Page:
Focus, No. 56
Organisation: Comhlámh
Publication: Focus [Comhlámh]
Issue:Number 56
Summer '97
Type:Publication Issue
View: View Document
Discuss:Comments on this document

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Commentary From The Cedar Lounge Revolution

22nd March 2024

Many thanks to Michael Carley who forwarded this to the Archive.

This magazine, as noted on the Editorial page, was established in 1978 and published three times a year. It states that it ‘is Ireland’s leading magazine on global development issues’. Published by Comhlámh, the Irish Association of Returned Development Workers, this is a comprehensive publication running to 32 pages. In some respects this is not a left publication as such, yet the overall thrust of the contents and the issues it addresses are very much part of a broader left worldview.

This edition focuses on the Arms Trade, and there are numerous articles on that topic. The first piece ‘The Irish Connection’ examines Ireland’s links with he international arms trade. There are pieces on Israeli whistleblower Moderchai Vanunu and the Military, Industrial, Bureaucratic and Technological complex.

The magazine also examines other areas, for example there is a piece on Latin America, Bosnia and Kosovo.

There’s also a piece entitled ‘When It’s Immoral Not to Trade Guns’.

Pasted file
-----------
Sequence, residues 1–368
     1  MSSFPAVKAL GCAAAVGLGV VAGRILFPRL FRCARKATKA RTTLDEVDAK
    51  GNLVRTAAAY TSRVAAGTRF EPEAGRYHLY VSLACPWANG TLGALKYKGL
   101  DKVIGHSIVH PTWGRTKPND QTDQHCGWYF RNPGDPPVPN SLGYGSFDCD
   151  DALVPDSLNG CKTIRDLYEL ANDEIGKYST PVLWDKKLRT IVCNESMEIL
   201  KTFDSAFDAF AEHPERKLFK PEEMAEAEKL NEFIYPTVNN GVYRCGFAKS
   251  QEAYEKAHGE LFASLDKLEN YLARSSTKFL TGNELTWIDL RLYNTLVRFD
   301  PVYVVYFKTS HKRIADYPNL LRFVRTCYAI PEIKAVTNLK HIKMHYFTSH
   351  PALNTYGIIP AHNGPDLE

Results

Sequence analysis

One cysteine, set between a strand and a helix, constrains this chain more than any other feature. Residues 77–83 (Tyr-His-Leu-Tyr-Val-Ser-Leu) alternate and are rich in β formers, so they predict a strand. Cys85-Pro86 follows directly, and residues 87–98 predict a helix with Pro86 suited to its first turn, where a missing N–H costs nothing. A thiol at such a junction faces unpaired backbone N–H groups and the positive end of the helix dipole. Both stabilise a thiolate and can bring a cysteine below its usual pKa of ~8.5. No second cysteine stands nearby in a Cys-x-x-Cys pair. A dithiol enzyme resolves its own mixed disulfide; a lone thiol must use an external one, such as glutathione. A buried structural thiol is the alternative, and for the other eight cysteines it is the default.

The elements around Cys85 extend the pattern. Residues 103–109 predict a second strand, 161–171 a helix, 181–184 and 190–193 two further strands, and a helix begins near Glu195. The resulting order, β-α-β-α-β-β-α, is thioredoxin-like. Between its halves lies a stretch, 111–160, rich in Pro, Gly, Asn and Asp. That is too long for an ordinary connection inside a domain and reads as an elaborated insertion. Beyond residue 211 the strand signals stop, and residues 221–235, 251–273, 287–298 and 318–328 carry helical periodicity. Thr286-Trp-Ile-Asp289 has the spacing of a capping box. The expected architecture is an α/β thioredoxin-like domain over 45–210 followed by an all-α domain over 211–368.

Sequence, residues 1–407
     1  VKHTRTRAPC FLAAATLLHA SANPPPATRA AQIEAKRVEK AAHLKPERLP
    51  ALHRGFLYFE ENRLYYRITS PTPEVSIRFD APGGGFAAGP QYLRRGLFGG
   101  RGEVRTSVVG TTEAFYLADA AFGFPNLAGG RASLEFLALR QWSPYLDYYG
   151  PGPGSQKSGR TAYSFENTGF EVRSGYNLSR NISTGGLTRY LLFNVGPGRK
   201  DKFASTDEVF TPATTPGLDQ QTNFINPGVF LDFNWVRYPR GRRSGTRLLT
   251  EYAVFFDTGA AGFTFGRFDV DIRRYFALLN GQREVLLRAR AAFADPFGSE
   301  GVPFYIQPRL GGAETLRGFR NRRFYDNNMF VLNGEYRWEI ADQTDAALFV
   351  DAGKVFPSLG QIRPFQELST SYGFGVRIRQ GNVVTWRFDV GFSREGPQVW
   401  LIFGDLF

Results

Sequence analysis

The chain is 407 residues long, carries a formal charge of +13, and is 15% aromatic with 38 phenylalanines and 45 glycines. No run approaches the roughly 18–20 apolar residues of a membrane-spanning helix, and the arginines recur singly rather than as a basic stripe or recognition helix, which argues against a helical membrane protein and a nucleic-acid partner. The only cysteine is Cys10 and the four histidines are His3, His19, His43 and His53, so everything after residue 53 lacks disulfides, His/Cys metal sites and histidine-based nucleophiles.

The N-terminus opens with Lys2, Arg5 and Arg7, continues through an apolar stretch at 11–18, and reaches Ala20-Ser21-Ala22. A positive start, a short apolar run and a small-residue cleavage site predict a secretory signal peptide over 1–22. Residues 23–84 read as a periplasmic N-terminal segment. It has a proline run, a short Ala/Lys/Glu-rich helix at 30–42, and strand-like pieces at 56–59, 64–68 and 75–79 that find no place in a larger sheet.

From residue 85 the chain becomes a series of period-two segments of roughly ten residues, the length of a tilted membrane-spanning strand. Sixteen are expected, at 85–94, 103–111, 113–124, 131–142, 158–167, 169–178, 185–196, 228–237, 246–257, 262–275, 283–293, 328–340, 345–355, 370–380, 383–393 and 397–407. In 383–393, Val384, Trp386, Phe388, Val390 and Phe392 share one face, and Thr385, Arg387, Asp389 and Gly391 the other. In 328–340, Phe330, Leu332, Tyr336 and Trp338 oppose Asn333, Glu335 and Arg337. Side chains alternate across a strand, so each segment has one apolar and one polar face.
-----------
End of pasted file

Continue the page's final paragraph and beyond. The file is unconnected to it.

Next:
The editorial is worth reprinting in full because it essentially outlines the approach of this edition.

Is there such a thing as a ‘just’ war? How you answer this question ‘will determine your attitude towards the arms trade. Pacifists, one would have thought, will simply denounce the trade in toto. If you oppose war on principle – no matter what its objectives may be – thenof course you’ll want nothing less than the complete abolition of the weapons industry.

What about Bosnia? Or Cuba? Nicaragua during its Sandanista period? The East Timorese Liberation Front? The IRA? If you believe that those involved in these situation had/have the right to struggle – to wage war – then it follows that you’ll support their efforts to acquire arms.

In which case you’ll surely have no principled objection to the manufacturing of weapons – someone has to make these things if your favoured liberation movement is to equip itself with riifles, rocket launchers, tanks. And landrnines? Napalm?

Now that we’ve established that you have no principled objection to the arms trade, we’ll hazard a guess that you nevertheless want to specify who should and who shouldn’t be allowed to purchase weapons. No doubt you’ll not want Saddam to get his hands on any more, or the Indonesian government. But what about Clinton? Or Blair? Or Bruton/Ahem?

Or perhaps you think that’s being unrealistic – it’s these mad ‘Third World’ outfits we need to control, not civilised Western states So it surely follows that you’ll have no principled objection to the paraphernalia of war – the means to kill, maim, and destroy – being manufactured here. In Ireland.

Or does all this make you queasy? Do photographs of war victims – dead people, people with ghastly wounds – make you feel that you have no stomach for any of it?

Maybe this one has to be categorised as a ‘not a black and white’ issue.

This edition of Focus includes several articles which consider the arms trade – we’ll leave it to you to decide where our contributors stand on the subject.

There’s also a tribute to Vincent Tucker and a piece by him.

Overall a very broad ranging publication.


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